Killer B’s

High personal standards make B’s a sign of failure

B = F. It isn’t a new math formula or science equation. It’s a mindset.

According to guidance counselor Phyllis Bell, for some students getting a B in class can be failure, or the end of the world.

“Sometimes they forget that a B is good,” Bell said. “Some kids can roll with [getting a B]. Some kids go off the deep end if they get a B and you kind [of] have to talk [them] down from the ledge.”

For senior Sam Baynes, her dread of receiving a B stems from the fear of shattering a perfect streak.

“It’s just a personal pride thing,” Baynes said. “I’ve never [gotten a B] before, and I really don’t [want to] start now. I’ve just always told myself, ‘I could do it if I wanted to. I could get the A in the harder classes.’ It’s never really been an option for me [to] get a B in class.”

Even with the assurance of college acceptances, Baynes said she continues her hard work because she views an A as a symbol of pride and challenge. According to her and sophomore Katarina Schneiderman, a B would represent failure more in the sense of disappointment.

“I’ve always been someone who [has] just really liked learning, and then that kind of developed into always getting good grades,” Schneiderman said. “My parents are big factors in getting A’s all the time…I’m just trying to live up to their expectations as well as expectations set by my older sister.”

Similarly, senior Harry Taylor also said he upholds A’s with importance.

“My entire life leading up to this year, it was always extremely important for me not to get a B,” Taylor said. “I was always a straight-A student so I just kind [of] had that mindset of ‘You have to be successful. You have to get A’s.’”

Taylor said that changed, however, when he got hit with not just one, but two B’s for the first time this year.

“Because [AP] BC Calculus and three [trimester AP] Physics have reputations as the two hardest classes, over [the] summer I kind of mentally prepared myself to get a B because I’ve come close before, but I’ve always managed to get the A,” Taylor said. “And then with both classes, I got a B last trimester and it was really hard because you do feel like you’ve let yourself down to an extent because you pushed for the A for so long.”

According to Taylor, that disappointment arose from an individual standard, rather than pressuring outside influences.

“I never felt like I let my family down,” Taylor said. “It just personally kind of sucked. It was like the feeling of getting an F, [even though] I got B pluses in both classes. It’s kind of like if you’ve ever gotten a really bad grade on a small assignment. It’s not as bad as that feeling, but it’s much more drawn out, [because] one assignment will eventually go away whereas [this won’t].”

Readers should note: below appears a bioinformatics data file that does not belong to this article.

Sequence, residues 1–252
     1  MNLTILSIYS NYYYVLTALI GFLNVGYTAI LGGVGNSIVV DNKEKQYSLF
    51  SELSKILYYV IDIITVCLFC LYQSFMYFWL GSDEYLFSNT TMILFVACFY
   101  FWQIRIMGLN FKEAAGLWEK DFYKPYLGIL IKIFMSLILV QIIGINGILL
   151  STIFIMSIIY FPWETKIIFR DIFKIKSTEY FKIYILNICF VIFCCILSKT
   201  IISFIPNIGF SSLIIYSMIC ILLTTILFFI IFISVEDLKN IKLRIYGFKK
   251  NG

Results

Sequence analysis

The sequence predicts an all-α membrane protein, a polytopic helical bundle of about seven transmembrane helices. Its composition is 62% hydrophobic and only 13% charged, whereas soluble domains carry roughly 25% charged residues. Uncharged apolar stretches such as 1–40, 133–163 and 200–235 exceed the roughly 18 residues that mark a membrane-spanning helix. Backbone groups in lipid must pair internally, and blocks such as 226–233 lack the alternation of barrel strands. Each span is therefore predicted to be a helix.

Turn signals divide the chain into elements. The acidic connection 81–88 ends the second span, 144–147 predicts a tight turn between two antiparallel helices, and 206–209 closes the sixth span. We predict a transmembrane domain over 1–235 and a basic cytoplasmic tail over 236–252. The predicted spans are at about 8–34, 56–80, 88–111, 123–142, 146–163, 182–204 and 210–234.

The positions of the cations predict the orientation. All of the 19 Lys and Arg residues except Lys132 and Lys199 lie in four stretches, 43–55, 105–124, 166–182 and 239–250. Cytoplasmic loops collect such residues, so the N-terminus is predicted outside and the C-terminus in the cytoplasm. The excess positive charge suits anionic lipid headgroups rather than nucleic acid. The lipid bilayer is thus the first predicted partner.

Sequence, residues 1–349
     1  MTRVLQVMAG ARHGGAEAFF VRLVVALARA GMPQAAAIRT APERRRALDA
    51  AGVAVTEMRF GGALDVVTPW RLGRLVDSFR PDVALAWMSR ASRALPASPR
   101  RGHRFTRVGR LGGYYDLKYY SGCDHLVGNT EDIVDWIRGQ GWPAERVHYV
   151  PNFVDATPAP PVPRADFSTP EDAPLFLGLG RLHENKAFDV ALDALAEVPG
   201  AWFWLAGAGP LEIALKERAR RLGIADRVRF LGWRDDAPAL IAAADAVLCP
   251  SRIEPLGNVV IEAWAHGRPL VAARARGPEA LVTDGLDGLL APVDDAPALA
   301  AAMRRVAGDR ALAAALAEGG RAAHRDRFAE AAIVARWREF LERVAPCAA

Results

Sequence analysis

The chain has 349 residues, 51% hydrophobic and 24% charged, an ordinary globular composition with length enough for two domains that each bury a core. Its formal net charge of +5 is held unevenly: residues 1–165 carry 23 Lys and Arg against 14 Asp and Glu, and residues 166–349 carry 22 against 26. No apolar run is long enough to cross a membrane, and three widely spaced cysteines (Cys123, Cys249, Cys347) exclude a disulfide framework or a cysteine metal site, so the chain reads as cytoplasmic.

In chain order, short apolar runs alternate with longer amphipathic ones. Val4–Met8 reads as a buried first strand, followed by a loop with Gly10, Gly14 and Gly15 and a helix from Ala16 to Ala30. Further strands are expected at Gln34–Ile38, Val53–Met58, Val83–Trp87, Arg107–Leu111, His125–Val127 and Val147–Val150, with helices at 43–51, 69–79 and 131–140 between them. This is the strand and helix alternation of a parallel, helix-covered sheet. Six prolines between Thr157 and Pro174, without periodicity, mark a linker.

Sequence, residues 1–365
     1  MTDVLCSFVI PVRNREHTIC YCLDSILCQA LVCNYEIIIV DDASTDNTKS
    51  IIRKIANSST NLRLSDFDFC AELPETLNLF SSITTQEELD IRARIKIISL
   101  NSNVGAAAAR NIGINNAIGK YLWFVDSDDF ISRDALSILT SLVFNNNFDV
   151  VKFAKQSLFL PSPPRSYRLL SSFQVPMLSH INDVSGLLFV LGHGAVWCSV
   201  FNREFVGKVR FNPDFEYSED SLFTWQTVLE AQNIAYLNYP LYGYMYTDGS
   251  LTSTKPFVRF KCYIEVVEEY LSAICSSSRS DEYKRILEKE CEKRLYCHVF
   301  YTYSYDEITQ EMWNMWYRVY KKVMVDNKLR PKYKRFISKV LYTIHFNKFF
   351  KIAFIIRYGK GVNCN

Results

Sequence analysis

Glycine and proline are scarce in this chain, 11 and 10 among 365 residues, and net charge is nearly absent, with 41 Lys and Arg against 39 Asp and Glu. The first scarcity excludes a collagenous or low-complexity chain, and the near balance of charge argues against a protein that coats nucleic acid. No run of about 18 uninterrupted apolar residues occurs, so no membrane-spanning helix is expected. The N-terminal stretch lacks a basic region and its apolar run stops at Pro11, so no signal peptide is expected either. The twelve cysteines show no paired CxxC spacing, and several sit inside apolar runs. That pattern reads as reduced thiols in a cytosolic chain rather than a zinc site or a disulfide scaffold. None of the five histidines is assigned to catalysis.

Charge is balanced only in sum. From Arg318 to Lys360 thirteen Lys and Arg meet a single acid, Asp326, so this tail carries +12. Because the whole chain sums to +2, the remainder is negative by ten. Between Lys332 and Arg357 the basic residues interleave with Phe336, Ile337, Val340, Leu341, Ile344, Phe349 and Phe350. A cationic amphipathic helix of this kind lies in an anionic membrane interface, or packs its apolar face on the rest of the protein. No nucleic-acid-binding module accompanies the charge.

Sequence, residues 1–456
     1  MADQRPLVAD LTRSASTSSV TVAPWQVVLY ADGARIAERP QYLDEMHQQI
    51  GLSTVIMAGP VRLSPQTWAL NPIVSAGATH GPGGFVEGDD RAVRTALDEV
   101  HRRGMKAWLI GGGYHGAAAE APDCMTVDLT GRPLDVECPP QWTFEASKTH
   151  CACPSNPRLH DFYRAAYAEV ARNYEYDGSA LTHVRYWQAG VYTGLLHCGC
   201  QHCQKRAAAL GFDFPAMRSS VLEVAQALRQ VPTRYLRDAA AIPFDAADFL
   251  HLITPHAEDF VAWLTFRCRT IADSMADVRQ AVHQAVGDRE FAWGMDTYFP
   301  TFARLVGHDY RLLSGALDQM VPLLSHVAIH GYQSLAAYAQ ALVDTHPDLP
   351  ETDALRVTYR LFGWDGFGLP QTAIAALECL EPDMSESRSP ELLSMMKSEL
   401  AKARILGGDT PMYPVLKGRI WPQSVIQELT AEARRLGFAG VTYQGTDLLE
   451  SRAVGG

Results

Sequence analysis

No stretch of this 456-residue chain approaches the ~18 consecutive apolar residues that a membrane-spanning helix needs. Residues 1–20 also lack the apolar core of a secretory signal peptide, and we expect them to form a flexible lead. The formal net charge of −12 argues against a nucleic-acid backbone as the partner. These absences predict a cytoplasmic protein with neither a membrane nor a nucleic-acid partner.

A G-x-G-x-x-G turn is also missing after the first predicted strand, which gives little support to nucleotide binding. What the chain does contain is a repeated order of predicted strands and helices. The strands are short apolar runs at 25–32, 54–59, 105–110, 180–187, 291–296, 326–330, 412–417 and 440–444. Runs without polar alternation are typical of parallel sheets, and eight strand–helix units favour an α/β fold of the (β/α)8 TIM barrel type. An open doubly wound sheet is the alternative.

According to senior Tivon Tsung, ‘senioritis’ has caused him to downplay the dramatics of the dreaded B.

“I got my first B last [trimester] and it was a bummer, but it wasn’t a huge [deal],” Tsung said. “I don’t feel like it’s failure because I still tutor other kids in the same subject. I’m helping them get A’s. I just know that the reason I’m not getting an A isn’t because I don’t know it; it’s because I don’t care enough to put more effort in.”

In contrast, Baynes said the possibility of a B on her next report card would create a much bigger dent.

“I would probably break down and cry because 13 years of hard work would go out the window,” Baynes said.

But at the end of the day, Schneiderman said the seemingly baneful B doesn’t automatically mean doom.

“It would be disappointing [to get a B],” Schneiderman said. “But I think I would take it more as a part of life that is eventually [going to] come, whether it’s in high school or college.”

According to Bell, while students should be rooting for excellence, the key is to maintain balance.

“We try to help [students] understand that no one can be perfect all the time,” Bell said. “Sometimes we take it a little too far and things just get out of perspective…this environment at Mason is one which is meant to push you a little bit — and that’s okay. Setting high goals for yourself is not a bad thing; crumbling because you can’t handle a B is a whole [other] story.”

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